The Afterparty

The Afterparty Is a Genre Bending Masterpiece

Dept. of Yeah, Sure, Whatever!


We promise you that The Afterparty, a brand new eight episode series on Apple TV Plus, might just be one of the smartest things you’ll see in a long time. Created by Phil Lord and Christopher Miller (Spider-Man: Into the Spider-Verse, The Lego Movie, 21 Jump Street), the show centers around the events of a high school reunion and its afterparty in which one of the former classmates – Dave Franco’s Xavier – turns up dead. Everyone is a suspect, and it’s up to Detective Danner (Tiffany Haddish) to figure out who the killer is.

Now, everyone obviously has a very different account of how the night played out, but what makes The Afterparty stand out is that we get to see all of it play out from their respective perspectives. Now, we don’t want to spoil the fun, so let’s just say that every episode trips into a different genre, each one with its own unique style that matches the character’s personality.

Umapagan Ampikaipakan: If I had to sum up the tone of The Afterparty in one sentence, I would say that it’s this weird and wonderful mix of Knives Out and Romy and Michelle’s High School Reunion, with just the right amount of Lord and Miller quirk. Now, if you’ve seen Spider-Man: Into the Spider-Verse, The Lego Movie, or 21 Jump Street then you’ll know what I’m talking about. It’s that witty, self-aware, almost breaking the fourth wall style that their comedy often employs. 

Here, all of that is turned up to 11, as they seamlessly trip across genres, somehow managing to bring together comedy and drama, provide meta-commentary on the millennial mindset, all while maintaining the tension of a murder mystery. It’s brilliant. And I love it.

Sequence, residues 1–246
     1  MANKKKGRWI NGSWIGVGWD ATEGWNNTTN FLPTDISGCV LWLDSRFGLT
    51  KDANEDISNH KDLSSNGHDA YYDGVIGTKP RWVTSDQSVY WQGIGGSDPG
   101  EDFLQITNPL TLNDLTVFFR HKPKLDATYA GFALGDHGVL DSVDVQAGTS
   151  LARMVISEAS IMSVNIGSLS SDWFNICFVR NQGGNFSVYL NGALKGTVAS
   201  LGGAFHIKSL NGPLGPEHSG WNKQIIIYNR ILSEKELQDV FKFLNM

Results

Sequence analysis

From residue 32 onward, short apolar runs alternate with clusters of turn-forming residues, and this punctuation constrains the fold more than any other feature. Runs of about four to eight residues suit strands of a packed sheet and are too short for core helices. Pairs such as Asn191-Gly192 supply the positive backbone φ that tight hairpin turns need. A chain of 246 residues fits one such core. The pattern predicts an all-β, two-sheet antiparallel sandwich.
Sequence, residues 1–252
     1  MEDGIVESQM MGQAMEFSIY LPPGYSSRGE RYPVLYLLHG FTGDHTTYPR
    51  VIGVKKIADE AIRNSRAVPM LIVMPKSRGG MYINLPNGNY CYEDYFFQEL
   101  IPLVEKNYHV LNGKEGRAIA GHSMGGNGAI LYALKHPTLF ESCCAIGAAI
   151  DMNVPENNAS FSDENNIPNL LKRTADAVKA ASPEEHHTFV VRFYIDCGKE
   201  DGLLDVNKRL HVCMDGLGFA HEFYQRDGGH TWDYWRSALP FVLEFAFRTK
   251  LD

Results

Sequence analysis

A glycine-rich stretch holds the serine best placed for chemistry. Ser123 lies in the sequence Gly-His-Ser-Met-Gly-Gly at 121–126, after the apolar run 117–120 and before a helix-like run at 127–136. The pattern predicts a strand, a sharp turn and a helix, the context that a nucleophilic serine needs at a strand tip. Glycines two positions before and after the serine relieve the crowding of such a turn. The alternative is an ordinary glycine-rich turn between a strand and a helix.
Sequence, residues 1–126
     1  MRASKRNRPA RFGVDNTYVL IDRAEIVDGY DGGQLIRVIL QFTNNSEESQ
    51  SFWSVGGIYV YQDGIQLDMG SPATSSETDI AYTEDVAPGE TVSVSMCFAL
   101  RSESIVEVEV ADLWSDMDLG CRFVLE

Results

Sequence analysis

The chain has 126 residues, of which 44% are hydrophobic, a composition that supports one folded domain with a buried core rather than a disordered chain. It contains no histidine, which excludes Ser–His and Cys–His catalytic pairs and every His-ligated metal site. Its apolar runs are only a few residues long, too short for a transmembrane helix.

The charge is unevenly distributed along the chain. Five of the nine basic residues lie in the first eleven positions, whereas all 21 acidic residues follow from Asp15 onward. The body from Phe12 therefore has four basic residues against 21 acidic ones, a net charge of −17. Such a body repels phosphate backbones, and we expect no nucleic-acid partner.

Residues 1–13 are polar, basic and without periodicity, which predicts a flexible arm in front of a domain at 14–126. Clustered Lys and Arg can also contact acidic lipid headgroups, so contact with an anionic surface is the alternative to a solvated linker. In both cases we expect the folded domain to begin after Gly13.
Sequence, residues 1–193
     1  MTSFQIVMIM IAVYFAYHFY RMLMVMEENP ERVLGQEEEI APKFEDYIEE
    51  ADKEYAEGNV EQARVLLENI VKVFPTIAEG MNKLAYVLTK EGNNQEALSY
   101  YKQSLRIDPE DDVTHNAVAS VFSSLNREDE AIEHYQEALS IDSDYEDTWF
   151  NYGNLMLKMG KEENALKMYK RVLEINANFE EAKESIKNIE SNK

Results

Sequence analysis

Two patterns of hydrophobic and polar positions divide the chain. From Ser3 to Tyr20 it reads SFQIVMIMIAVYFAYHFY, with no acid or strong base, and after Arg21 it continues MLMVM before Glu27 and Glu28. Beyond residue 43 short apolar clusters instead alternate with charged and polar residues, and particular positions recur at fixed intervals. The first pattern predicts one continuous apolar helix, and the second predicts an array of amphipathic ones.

Bahir Yeusuff: Don’t forget Jonathan Lynn’s 1985 masterpiece, Clue! But you’re right, there were a lot of these very recognizable murder whodunnit elements throughout this series, but none of it comes off as slavish, or clichéd, or tropey. Lord and Miller certainly do know how to put a spin on an existing thing in order to make it fresh and entertaining.

Also, when you do watch this (and you really should!), keep an eye out for details in each of the retellings. Little things change in every episode, and those details, while not really clues to whodunnit, nevertheless go a long way in showing the care and attention that the writers and production team have for the story they are telling. 

I got through the entire thing and I will definitely be rewatching it to see if I missed anything.

Anatomy of a Murder

The Afterparty

UA: The problem with these sorts of Rashomon style stories is that they run the risk of feeling repetitive. The Afterparty does not. Every new perspective gives us something completely different. These characters are suddenly skewed when viewed from the point of view of someone else. And all of their performance are shifted ever so slightly to match.

Watching Sam Richardson play out the same scene in eight different ways is delightful. Watching these actors perform these parts, in both the way the characters see themselves, and in the way eight other people see them, is nothing short of a masterclass in character, comedy, and timing.

What’s more, none of it feels like some self-indulgent acting exercise. All of it serves the story. Every small detail, every perspective shift, every new characterisation serves to further develop the mystery at the heart of the series.

BY: The shifts in perspective really do add to the story. As the audience, there isn’t just one point of view that we are following. No one is a stand-in or a surrogate for us, they are all characters in this story, and they all matter. Sure, we follow Sam Richardson’s character most of the time, but the story makes it very clear that even his point of view is skewed. And that is just fantastic writing. 

And the mystery is a good one. The guy who dies is a fellow classmate and there is history, and baggage, and links to everyone. So it really is a case of anyone could have done it.